Paul's Internet Landfill/ 2017/ The LRT is Hostile to Active Transportation

The LRT is Hostile to Active Transportation

Like everybody else, I am grumpy about the LRT. The construction has been a hassle. The project is going to be delayed. It has become obvious that the route is mediocre. Transit ridership has been decreasing, and it is unclear that the LRT will make it rise again.

This post is a mea culpa. In my naive youth, I poo-poohed a lot of the criticisms LRT opponents were making. In retrospect they were probably more correct than incorrect. In particular I have been getting grumpier and grumpier about difficult the LRT and its associated construction have made it to walk or cycle in this region. Some of these inconveniences are temporary and some are permanent. On the one hand the Region wants us to engage in "active transportation" (walking or cycling) and on the other it is building infrastructure that makes it more difficult and more dangerous to do so. Here are some of my criticisms.

Narrower Streets

I used to cycle down Charles Street and/or King Street regularly. They were closed for a long time due to LRT construction, so I stopped. Now sections of each road are open again, but I am very reluctant to use them. Thanks to the LRT tracks the streets are so narrow that cars cannot safely pass me, which means that it is now a lot scarier for me to ride down those roads. My main north-south corridor has become Weber, which can be busy (and is intimidating for many cyclists) but which I prefer because (a) there is little on-street parking (which is absolutely terrifying because I do not want to be doored) and (b) the lanes are wide enough that cars will give me my space.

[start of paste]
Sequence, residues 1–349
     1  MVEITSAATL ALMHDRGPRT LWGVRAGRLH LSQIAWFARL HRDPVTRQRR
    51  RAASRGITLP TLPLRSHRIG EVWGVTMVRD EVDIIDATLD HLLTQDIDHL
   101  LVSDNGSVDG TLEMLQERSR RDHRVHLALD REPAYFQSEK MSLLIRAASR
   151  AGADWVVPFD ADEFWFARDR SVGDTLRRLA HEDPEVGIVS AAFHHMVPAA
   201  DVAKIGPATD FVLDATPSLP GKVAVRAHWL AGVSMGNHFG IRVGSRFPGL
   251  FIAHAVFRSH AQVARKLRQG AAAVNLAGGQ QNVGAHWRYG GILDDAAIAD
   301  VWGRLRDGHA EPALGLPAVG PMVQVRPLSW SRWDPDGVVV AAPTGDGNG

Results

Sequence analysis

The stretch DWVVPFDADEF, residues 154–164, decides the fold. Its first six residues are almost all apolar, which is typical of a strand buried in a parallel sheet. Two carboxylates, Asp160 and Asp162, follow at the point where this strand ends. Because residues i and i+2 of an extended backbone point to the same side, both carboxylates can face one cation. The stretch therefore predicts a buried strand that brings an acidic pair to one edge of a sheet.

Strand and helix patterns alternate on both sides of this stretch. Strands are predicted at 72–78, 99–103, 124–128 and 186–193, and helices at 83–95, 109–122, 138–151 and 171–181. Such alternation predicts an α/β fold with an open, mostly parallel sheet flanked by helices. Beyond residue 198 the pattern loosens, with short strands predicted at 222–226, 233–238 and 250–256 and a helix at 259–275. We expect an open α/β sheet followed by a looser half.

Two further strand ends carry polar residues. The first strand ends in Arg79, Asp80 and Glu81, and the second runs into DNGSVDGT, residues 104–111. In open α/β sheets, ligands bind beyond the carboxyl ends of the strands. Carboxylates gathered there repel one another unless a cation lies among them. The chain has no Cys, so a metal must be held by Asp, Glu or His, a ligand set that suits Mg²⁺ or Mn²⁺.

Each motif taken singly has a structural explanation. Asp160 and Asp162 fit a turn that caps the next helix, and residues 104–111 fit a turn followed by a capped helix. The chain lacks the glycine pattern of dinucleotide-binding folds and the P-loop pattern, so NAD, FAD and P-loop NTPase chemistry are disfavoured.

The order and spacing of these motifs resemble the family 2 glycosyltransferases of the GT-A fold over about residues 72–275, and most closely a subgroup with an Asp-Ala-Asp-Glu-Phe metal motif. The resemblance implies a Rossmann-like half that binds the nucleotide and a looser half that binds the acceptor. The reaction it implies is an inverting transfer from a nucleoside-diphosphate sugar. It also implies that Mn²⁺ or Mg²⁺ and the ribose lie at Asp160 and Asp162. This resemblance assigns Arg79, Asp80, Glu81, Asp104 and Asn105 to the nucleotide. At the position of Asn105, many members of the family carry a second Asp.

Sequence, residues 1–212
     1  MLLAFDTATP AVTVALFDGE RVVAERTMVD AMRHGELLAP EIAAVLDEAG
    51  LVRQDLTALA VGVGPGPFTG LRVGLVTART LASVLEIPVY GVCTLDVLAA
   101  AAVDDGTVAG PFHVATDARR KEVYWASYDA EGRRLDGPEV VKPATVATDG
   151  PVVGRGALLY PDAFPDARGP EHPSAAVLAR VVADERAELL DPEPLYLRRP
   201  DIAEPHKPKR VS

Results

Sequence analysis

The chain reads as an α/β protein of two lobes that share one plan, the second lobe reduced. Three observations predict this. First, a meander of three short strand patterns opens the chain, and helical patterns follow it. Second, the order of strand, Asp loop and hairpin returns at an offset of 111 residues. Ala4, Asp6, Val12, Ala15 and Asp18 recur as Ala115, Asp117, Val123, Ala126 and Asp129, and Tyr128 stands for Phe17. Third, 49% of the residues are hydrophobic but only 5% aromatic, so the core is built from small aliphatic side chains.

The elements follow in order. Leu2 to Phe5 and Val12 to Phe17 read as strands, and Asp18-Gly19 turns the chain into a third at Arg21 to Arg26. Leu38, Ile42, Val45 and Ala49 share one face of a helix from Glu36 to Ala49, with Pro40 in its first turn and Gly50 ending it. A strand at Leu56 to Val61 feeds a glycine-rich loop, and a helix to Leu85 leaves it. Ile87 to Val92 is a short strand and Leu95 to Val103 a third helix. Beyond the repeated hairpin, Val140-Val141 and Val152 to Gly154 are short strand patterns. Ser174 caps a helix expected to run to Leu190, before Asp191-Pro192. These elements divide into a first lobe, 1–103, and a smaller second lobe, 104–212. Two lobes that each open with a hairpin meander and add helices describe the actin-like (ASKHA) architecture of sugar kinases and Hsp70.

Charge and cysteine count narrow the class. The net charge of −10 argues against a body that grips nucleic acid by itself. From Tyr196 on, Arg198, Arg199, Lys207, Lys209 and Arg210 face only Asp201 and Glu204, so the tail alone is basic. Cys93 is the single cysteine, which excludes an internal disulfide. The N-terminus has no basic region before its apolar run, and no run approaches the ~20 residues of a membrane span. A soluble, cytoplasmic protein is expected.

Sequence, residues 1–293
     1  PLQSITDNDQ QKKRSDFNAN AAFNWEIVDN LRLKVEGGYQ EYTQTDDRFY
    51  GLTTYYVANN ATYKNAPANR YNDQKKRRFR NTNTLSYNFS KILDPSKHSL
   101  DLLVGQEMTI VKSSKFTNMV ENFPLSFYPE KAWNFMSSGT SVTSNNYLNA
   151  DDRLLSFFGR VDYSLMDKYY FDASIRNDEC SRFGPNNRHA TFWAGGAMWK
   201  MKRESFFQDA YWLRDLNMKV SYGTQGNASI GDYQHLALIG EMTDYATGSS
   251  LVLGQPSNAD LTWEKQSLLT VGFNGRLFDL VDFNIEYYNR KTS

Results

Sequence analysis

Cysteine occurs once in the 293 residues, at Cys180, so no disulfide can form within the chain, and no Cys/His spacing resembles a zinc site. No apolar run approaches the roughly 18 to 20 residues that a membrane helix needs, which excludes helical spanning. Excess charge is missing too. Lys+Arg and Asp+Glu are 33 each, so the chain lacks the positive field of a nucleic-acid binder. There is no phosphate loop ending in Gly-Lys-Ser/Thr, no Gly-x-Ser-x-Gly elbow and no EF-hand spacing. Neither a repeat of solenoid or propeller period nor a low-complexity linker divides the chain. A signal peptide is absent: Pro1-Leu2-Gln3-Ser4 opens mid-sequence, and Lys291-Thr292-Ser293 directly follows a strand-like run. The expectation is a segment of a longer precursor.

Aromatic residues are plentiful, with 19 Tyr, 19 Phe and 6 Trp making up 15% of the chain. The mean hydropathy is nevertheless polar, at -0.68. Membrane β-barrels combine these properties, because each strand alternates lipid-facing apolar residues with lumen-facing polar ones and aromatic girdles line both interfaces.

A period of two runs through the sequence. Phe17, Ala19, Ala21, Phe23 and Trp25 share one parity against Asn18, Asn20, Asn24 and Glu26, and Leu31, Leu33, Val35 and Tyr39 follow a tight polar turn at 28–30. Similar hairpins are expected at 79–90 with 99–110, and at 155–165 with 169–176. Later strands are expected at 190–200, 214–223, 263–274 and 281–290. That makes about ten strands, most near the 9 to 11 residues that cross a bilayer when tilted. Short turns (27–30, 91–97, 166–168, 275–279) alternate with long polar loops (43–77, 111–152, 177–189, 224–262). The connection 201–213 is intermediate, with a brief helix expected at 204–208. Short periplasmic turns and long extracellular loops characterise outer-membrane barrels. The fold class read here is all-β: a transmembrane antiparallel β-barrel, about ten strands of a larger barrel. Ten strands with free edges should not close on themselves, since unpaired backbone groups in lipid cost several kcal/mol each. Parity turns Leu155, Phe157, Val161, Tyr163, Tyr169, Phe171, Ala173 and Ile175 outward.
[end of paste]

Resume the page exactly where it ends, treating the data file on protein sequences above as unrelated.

The region has explicitly declared that Weber is not supposed to be an active transportation corridor (for example, they oppose putting bike lanes in). So why has it become the most reliable and safest route for me to take?

The King Street Closure

For all intents and purposes, I can no longer walk from downtown Kitchener to the University of Waterloo. I used to walk to evening talks and then walk back, but since King Street closed at Victoria this has become infeasible. In addition to King Street being closed, the Region has also decided to close Waterloo Street, which means that if I want to traverse by foot I have to take Duke Street (which itself has been closed at the train tracks on several occasions!). Taking Duke Street adds 20-30 minutes to my walk, which makes it very difficult for me to get to university talks on time. Thus I have given up on walking from downtown Kitchener to the university or uptown Waterloo.

You might argue that this construction is not part of the LRT, but this is only partially true. The underpass itself is partially to accomodate trains and two-way GO (which is another disaster in the making). But I believe that the Waterloo Street closure is LRT related, and the underlying reason for all this construction is that the main transit hub is moving to King and Victoria, so that intercity trains, the LRT and local buses will all intersect. That is definitely LRT related. So this construction means it is less feasible for me to walk.